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A Woman of Privilege: My Love Letter to Vivienne

A Woman of Privilege: My Love Letter to Vivienne
Nat
  • On February 24, 2015

Please welcome Nat back for another great guest post!

As more and more people finish up Dragon Age: Inquisition, I can’t help but chuckle a bit at some of the reactions to Vivienne: “She’s privileged,” “I don’t like how she’s so condescending,” “She’s mean to my Inquisitor.” Well, yes. Yes she is. And that’s kind of the point. Vivienne is all of those things and she doesn’t apologize for it, which is why I love her and others should too.

Vivienne may be selfish, pragmatic, and opportunistic but she’s not inherently evil or malicious. However, being selfish is viewed as a negative quality by our society at large. We’re taught to share and put others before ourselves– to give, but not take–all of which can be a bit disingenuous. There are destructive, selfish behaviors which negatively impact others for sure, but what about fighting for a promotion at work? Or advocating for one’s own creations, such sharing art, writing, etc.? Is Vivienne’s desire to influence others any worse than the behaviors I just described?

I know in the United States we’re socialized to root for the “little guy,” the underdog.  I find the visceral reactions to Vivienne interesting because she is, technically, one of the “little people” who overcame the odds. Mages are second-class citizens throughout Thedas yet Vivienne manages to take control of her own fate. She transfers between Circles, from Ostwick to Montisimmard, becomes the lover of a powerful noble, and gains a voice in the halls of power. Who wouldn’t want to be in a position of influence, to have the ear of an empress? I’d argue that’s inspirational, probably even for other mages.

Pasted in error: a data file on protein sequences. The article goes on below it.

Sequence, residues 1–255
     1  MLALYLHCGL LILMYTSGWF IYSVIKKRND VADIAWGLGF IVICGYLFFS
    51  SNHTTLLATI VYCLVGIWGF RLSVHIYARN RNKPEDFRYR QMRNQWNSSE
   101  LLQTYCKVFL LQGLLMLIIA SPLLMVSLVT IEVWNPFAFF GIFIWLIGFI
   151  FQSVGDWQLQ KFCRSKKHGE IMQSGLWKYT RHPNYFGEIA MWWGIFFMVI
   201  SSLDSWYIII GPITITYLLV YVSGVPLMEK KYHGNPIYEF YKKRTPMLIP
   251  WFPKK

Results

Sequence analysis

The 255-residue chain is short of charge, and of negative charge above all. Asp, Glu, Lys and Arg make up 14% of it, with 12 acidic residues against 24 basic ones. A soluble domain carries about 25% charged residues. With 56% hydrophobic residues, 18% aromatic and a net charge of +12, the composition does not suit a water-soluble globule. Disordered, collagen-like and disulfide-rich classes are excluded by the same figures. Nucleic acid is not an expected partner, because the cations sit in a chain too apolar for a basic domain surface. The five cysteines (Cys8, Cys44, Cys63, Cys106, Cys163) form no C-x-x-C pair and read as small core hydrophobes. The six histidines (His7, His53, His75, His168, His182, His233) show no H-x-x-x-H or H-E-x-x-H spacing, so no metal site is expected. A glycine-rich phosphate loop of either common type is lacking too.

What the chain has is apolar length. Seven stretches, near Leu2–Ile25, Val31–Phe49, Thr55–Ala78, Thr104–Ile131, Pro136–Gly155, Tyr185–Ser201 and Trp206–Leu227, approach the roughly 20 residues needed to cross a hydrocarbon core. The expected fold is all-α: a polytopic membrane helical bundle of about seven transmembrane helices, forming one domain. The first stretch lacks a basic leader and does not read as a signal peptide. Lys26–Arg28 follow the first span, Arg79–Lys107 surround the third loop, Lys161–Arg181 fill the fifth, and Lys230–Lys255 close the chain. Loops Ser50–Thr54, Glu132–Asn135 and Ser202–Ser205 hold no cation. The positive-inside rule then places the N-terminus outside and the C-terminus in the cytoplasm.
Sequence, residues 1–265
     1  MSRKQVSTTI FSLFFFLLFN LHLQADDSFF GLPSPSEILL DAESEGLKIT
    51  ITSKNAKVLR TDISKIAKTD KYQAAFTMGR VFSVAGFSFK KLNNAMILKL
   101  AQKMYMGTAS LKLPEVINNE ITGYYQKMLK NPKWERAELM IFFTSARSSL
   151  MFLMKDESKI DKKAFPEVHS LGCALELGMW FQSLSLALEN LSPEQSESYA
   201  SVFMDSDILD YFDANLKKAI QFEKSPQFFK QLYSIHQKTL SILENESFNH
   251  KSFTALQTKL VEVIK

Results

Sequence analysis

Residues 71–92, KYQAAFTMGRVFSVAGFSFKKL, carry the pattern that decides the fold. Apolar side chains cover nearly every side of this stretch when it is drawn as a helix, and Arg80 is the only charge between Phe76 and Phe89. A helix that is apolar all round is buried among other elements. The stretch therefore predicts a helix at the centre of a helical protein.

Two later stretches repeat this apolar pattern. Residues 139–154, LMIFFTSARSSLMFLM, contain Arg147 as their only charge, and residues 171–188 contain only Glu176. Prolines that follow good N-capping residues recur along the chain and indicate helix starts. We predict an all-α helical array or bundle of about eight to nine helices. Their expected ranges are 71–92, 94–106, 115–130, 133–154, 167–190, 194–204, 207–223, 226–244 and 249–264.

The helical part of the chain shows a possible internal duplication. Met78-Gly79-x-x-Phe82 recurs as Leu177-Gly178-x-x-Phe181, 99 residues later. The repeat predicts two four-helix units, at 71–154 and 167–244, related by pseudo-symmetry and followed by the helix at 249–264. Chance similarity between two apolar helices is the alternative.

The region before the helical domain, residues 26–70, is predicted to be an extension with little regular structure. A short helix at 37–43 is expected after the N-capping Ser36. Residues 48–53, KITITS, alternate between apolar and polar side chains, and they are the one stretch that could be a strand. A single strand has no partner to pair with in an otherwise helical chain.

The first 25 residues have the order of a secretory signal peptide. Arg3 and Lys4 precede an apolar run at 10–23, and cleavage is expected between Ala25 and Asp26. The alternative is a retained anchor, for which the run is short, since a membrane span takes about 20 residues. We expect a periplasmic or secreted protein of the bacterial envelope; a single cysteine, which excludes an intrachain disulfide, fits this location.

However, people see a character reinforcing a system of inequality and the outrage ensues: “how can she support the Circles and ignore the plight of her fellow mages? How dare she oppress her own kind!” For one, Vivienne believes she is helping her people by arguing to bring back the Circle of Magi. It protects mages from hurting non-magic users and mages from the general populace. But again, given the events which have transpired since Anders blew up the Kirkwall Chantry, I can see why she feels the artificial and physical barriers between magic users and non-magic users are needed. The question of individual rights versus security is an interesting debate, both within Thedas and the real world. To have a character clearly on the side of “good” (opposing the “bad” that Corypheus represents), taking an unpopular stance in the debate is a bold, creative choice which adds a neat dynamic for the player to experience.

More importantly, from a narrative perspective I love Vivienne because we so rarely find female characters acting from positions of power who aren’t the player character. I find people often tolerate a male character doing questionable things from a position of privilege, but refuse to accept a woman doing the same actions. What if it had been Ser Cautherin instead of Logain calling the retreat at Ostagar? Would people be able to see her point of view or would she get written off as some sort of monstrous bitch? Or how about Empress Celene? Celene, while a flawed character, caught a lot of crap for some of her choices and how she treated her lover. Do I see fans crucifying King Alistair for not fighting for the freedom of the elves of Ferelden? If Alistair treated an elven lover in the same fashion Celene did, would he be viewed as a man put in a difficult position or a villain?

While I certainly don’t agree with all of the things Vivienne may say in the game, I still love her. I love that she’s assertive and has no time for people’s bullshit. I love that, if you get to know her, you can catch a glimpse of some vulnerability–though it is gone in the blink of an eye; possibility turned into another tool to gain some political leverage. Vivienne, like so many of the women in Dragon Age, is a great example of a strong female character because she is not defined just by one trait, but reflects the complex reality of competing interests we all face in our day-to-day lives.

(image source: Dragon Age: Inquisition, Bioware and EA Games)

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